Ryan: Yeah, exactly. As far as making money goes, you know, we had a friend that did this, very successfully. What I mean by this is, they wrote a book strictly to make money. So, they did the keyword research. They figured out a market and they wrote a book about a specific subject and only with the goal of making money and they didn't want to attach their name to it. So they authored it under a pen name, a pseudonym. And at the time, and this was like four years ago, you know, they were making good money a month. I mean, it wasn't a lot. It was like 600 bucks. I think it was or
Hannah: The thing is I need that, I mean, that's half, you know, half a rent for some people or your car payment, your grocery bill, your phone payment, you know, stuff that you stuff you gotta pay.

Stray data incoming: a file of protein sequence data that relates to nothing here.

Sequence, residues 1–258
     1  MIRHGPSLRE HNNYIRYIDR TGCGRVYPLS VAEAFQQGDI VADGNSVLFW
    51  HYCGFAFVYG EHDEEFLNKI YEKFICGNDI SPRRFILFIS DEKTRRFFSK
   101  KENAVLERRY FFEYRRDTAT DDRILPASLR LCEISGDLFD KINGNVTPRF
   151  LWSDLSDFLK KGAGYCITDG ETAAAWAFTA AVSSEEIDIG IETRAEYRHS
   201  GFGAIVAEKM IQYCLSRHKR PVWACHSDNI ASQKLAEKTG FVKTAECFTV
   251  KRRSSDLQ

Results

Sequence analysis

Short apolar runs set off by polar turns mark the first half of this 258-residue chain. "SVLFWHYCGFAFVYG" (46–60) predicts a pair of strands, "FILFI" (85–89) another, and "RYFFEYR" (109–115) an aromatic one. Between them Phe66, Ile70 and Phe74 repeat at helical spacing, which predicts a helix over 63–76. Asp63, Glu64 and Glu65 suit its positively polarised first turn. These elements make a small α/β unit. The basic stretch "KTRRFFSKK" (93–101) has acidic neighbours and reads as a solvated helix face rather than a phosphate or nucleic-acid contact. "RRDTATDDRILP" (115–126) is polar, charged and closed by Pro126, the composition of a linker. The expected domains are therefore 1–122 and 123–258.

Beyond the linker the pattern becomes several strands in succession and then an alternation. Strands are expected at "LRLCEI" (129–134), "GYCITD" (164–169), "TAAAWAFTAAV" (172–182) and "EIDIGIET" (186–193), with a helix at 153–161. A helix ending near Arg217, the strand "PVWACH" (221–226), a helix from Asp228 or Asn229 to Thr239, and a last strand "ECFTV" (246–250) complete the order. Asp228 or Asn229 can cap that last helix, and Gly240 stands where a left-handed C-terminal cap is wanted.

Ryan: Yeah, I mean, it wasn't a lot of money. You're not retiring on that. But it was just kind of a good proof of concept for, for him. I think he went on to author a couple of more books as well. And so that kind of brings us to, if you get the first one down and you kind of learn the recipe for it, you might be able to create an author more books and
Hannah: And you're just building on that initial one. So each one makes more money and slowly that snowball gets bigger and bigger. And you know, you're having more recurring monthly income to you.
Ryan: And what happened a lot of times with these types of like content or products, is it might not be that everyone is a success, right. Not everyone is going to make whatever. Let's just call it a thousand dollars a month. You're gonna have the one that makes a thousand and then you're going to have like three that make like $2 a month.